Westworld’s novelty is its retelling of the classic AI story from the perspective of the AI, so it’s more than a little strange for the show to offer up a human-centric episode like “The Stray” so early in its run. Westworld’s third hour has plenty of the scripted romance between hosts Teddy (James Marsden) and Dolores (Evan Rachel Wood). Except here, their stories are accessories to those of their handlers: Teddy becomes a pawn in creator Robert Ford’s (Anthony Hopkins) sprawling new narrative, and Dolores becomes a test case for Bernard’s (Jeffrey Wright) conflicted, self-interested views on potentially conscious hosts. It’s a necessary, if presumably temporary, pivot, allowing Westworld to fill in backstory and motivation. But it’s one that feels counter to the spirit of the show.
The episode belongs (mostly) to Ford, the park founder — co-founder, it turns out — who finally reveals a more defined personality than “mysterious guru with rather poetic thoughts on the nature of boredom.” Surprisingly for someone so given to dreamy speeches and spending long hours with his creations, he’s a hard-line member of the “robots are not people and never will be” school, harshly reprimanding a lackey for attempting to preserve a host’s modesty: “It doesn’t get cold. It doesn’t feel ashamed. It doesn’t feel a single, solitary thing we haven’t told it to, understand?” On the one hand, one would presumably have to feel this way to work at the park for 30 years. On the other, it’s Ford’s own update that introduced consciousness into the hosts in the first place, possibly intentionally and possibly for reasons involving his ex-partner Arnold, the dreamer to Ford’s pragmatist who actually wanted the hosts to be conscious. (Arnold died in the park under mysterious circumstances and was subsequently erased from Westworld’s public history, but the glitching hosts seem to know who he is.) Slashing a dormant host’s face open certainly indicates Ford means what he says, but going forward it’s probably best not to take what he says with a grain of salt.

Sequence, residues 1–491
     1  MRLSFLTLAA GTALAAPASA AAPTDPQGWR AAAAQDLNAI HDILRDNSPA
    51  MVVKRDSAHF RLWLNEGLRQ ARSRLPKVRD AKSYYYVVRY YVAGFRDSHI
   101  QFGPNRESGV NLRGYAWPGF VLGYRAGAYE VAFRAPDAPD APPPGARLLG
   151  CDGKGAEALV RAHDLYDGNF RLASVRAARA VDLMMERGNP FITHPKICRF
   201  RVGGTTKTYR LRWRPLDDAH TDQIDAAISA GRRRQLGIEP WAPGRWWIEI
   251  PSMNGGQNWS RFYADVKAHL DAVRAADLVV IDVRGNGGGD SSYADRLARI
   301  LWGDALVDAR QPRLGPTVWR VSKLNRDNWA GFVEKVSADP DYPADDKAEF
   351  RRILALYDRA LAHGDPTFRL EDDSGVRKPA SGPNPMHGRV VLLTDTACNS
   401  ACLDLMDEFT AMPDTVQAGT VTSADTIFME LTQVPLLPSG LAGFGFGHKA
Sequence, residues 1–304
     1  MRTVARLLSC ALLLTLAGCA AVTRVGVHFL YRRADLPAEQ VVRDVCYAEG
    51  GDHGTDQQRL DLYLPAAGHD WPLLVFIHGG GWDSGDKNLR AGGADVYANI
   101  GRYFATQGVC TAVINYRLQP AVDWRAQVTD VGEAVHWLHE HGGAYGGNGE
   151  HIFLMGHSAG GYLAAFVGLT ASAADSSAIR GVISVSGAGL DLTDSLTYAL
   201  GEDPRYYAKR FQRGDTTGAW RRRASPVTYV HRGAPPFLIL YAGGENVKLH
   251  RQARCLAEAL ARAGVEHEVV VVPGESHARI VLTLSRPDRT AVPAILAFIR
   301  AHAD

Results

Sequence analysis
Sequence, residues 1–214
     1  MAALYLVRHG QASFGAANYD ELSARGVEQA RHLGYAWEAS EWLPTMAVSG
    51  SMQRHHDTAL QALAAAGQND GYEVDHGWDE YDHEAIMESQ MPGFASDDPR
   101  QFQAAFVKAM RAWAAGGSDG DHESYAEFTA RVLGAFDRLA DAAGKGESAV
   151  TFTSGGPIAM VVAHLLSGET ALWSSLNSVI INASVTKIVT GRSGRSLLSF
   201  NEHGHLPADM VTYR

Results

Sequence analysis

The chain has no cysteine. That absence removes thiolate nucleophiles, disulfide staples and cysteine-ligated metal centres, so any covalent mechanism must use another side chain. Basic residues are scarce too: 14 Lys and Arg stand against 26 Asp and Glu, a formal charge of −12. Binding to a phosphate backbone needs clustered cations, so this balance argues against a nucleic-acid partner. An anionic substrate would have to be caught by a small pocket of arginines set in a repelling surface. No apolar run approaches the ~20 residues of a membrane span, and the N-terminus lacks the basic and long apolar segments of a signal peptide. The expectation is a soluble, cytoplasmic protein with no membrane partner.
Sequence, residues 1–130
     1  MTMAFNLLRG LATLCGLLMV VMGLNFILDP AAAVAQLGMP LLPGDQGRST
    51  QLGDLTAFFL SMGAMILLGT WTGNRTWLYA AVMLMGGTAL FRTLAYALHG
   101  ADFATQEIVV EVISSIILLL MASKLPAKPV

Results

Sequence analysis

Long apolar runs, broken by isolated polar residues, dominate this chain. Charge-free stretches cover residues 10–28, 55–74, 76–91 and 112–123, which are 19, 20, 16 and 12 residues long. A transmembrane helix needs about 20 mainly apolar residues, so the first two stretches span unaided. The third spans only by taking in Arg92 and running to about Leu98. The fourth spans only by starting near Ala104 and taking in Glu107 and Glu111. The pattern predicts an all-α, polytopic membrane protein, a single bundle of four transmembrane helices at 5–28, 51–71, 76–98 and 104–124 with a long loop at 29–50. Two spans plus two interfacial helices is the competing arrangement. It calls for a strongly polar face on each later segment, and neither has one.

Because this is largely Ford’s episode, we experience the hosts as he does: as objects. In a programming session, Teddy finally gets a proper backstory instead of the “formless guilt” his architects gave him as a placeholder — but those memories are simply a means to an end, one that’s just as tragic for Teddy as being gunned down so guests can “have their way” with Dolores. We feel sympathy for him, but don’t possess the empathy we have with the gradually more independent Dolores. He’s still a dupe, which makes it hard to feel anything for him beyond simple pity.
Meanwhile, Westworld staffers Elsie and Ashley (yes, Luke Hemsworth’s actual in-show name is Ashley) take aboveground adventure that similarly sidelines the host they’re out to retrieve. The programmer and the muscle guy are doing a buddy-cop-meets-odd-couple thing, teaming up to fetch a character who’s wandered off script and into a ditch. To them, the episode’s namesake wandering host is a malfunctioning machine, and then a physical threat: something it’s their job to subdue and repair so the park can return to its normal course. As Elsie explains in one of several exposition dumps, robot backstories and their seemingly superfluous details are actually part of the guest experience. They serve a strictly utilitarian purpose, “anchoring” the host and dictating their behavior within a given story line. In essence, she’s telling us how the park is supposed to work — the better for us to understand just how intensely it’s going off the rails. This episode belongs to the park employees because they’re uniquely equipped to spell out the status quo.
This upside-down week, Dolores is the only host with significant screen time dedicated to her inner life, because Bernard is the only Westworld employee who recognizes that she has one. (Maeve is sidelined with little more than a passing flashback.) Both Dolores and Bernard reach the point of no return in “The Stray”: Bernard decides to let Dolores continue approaching self-awareness rather than reset or even retire her, presenting Dolores with the Westworld version of “blue pill, red pill,” and honoring her answer, as well as its potential consequences, by letting her remain as she is.
Back in the park, Dolores uses that self-awareness to overcome her preprogrammed aversion to killing. Her victim isn’t a guest, just a host the park can fix up and put back in action in a matter of hours. But the significance isn’t her action’s immediate fallout; it’s what it symbolizes for Dolores and her slow but steady path to sentience, agency, and maybe, just maybe, avenging herself on the park’s guests and the employees who enable them. Her confusion is sharpened into anger just as she has gained the means to act on it.
As Ford himself says, Dolores exists to be victimized. In the moment when she pulls the trigger and shoots her would-be rapist, she exists for herself.
Disclosure: HBO is an initial investor in The Ringer.